8. Scapegoat Trees

In this chapter, we study a binary search tree data structure, the
`ScapegoatTree`.
This structure is based on the common wisdom that, when something goes
wrong, the first thing we should do is find someone to blame it on (the
scapegoat). Once blame is firmly established, we can leave the
scapegoat to fix the problem.

A `ScapegoatTree` keeps itself balanced by partial rebuilding
operations. During a partial rebuilding operation, an entire subtree is
deconstructed and rebuilt into a perfectly balanced subtree. There are
many ways of rebuilding a subtree rooted at node
into a perfectly
balanced tree. One of the simplest is to traverse
's subtree,
gathering all its nodes into an array
and then to recursively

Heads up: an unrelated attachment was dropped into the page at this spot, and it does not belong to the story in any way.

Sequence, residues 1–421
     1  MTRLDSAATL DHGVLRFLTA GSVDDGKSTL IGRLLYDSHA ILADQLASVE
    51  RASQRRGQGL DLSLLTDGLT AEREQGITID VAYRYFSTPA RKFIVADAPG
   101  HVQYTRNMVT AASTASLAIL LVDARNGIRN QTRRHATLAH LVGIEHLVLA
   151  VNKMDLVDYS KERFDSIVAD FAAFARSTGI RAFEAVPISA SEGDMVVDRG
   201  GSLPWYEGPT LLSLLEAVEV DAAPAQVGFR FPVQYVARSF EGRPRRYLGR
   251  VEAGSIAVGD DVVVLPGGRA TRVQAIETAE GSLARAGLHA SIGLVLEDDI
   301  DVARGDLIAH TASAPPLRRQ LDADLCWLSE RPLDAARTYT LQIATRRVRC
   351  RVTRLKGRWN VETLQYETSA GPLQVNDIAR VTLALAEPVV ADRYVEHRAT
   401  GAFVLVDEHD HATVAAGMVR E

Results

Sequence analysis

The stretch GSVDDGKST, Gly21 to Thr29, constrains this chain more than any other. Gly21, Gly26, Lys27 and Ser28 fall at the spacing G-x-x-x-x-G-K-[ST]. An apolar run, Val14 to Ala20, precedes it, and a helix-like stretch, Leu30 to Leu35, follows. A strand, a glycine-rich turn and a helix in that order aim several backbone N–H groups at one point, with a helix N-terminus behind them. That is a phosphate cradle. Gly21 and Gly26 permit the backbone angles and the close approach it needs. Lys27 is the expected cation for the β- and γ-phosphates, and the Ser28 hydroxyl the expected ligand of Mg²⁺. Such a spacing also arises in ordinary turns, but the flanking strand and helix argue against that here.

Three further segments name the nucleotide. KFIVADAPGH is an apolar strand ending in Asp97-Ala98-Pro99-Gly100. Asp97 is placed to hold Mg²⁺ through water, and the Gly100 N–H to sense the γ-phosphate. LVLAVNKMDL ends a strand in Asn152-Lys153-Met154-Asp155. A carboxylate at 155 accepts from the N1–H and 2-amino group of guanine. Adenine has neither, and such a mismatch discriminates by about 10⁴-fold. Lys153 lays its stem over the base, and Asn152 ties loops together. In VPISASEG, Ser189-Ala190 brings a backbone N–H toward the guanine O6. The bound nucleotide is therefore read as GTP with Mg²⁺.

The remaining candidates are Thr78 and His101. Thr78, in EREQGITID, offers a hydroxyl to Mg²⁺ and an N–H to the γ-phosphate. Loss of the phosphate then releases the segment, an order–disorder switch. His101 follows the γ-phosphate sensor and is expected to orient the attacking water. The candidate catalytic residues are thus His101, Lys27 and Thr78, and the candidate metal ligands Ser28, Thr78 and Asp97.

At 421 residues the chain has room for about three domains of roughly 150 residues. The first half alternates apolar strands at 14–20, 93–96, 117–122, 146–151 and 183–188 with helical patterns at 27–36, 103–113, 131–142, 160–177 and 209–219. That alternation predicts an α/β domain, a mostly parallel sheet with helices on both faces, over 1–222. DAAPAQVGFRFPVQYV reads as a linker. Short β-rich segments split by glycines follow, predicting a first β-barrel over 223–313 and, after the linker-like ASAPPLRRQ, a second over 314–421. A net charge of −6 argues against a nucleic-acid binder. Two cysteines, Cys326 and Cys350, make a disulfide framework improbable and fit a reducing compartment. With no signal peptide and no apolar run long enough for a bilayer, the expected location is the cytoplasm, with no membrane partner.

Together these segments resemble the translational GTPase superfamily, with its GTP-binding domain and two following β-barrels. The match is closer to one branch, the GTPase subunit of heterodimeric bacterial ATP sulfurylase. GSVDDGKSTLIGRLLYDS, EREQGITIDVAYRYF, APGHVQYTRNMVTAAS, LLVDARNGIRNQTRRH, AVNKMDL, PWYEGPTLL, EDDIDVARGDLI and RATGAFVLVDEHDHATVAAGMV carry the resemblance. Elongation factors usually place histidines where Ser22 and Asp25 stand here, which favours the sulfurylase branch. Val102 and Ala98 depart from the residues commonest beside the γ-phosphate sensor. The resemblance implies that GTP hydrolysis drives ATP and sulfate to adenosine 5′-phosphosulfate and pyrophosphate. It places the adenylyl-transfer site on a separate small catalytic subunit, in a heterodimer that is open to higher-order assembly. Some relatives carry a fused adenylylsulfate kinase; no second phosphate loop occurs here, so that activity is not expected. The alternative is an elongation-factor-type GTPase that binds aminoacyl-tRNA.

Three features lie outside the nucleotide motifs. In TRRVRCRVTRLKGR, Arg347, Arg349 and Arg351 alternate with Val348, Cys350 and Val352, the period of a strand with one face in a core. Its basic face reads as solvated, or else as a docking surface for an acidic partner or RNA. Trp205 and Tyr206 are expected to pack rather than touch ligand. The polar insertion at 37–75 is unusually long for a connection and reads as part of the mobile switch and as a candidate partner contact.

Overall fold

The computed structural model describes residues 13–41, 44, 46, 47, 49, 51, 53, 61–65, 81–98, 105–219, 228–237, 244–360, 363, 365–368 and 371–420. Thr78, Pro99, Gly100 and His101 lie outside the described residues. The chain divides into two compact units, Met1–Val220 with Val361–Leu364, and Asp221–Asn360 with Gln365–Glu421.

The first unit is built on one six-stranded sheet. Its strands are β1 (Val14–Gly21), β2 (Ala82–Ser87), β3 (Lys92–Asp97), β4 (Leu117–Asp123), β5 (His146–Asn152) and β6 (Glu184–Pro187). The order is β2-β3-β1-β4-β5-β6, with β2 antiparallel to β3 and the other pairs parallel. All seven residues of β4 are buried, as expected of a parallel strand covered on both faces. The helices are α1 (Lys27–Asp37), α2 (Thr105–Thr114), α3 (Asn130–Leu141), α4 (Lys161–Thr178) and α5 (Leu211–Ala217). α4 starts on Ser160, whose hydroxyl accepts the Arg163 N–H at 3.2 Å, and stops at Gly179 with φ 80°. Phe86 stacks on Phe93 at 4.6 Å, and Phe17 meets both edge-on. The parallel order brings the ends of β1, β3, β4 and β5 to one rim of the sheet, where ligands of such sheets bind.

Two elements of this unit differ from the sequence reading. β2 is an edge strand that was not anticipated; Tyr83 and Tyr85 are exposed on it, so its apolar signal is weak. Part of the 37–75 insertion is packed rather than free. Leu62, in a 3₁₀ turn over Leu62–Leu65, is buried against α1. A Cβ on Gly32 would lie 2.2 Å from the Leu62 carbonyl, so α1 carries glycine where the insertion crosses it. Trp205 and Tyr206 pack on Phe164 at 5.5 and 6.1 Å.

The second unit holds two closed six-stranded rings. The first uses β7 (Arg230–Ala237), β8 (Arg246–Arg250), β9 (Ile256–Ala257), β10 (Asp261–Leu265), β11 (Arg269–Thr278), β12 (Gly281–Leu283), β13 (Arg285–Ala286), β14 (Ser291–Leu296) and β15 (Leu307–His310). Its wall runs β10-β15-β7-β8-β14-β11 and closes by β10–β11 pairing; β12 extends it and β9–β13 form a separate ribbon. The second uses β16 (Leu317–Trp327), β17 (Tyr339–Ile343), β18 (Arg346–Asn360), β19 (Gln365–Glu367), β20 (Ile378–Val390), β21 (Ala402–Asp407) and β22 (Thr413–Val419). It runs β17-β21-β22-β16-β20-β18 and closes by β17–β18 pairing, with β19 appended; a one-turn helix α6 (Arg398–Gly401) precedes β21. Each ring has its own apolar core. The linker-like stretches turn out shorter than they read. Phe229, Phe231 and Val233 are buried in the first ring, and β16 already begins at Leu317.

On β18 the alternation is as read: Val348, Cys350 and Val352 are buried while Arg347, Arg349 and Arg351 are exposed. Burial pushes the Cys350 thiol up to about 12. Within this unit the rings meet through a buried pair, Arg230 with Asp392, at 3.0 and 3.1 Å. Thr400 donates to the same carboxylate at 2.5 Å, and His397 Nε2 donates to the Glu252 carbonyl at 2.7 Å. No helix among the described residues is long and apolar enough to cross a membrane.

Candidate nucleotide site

build a balanced subtree using
. If we let
,
then the element
becomes the root of the new subtree,
get stored recursively in the left subtree
and
get stored recursively in the
right subtree.

void rebuild(Node<T> u) { int ns = size(u); Node<T> p = u.parent; Node<T>[] a = (Node<T>[]) Array.newInstance(Node.class, ns); packIntoArray(u, a, 0); if (p == nil) { r = buildBalanced(a, 0, ns); r.parent = nil; } else if (p.right == u) { p.right = buildBalanced(a, 0, ns); p.right.parent = p; } else { p.left = buildBalanced(a, 0, ns); p.left.parent = p; } } int packIntoArray(Node<T> u, Node<T>[] a, int i) { if (u == nil) { return i; } i = packIntoArray(u.left, a, i); a[i++] = u; return packIntoArray(u.right, a, i); } Node<T> buildBalanced(Node<T>[] a, int i, int ns) { if (ns == 0) return nil; int m = ns / 2; a[i + m].left = buildBalanced(a, i, m); if (a[i + m].left != nil) a[i + m].left.parent = a[i + m]; a[i + m].right = buildBalanced(a, i + m + 1, ns - m - 1); if (a[i + m].right != nil) a[i + m].right.parent = a[i + m]; return a[i + m]; }A call to takes time. The subtree built by has minimum height; there is no tree of smaller height that has nodes.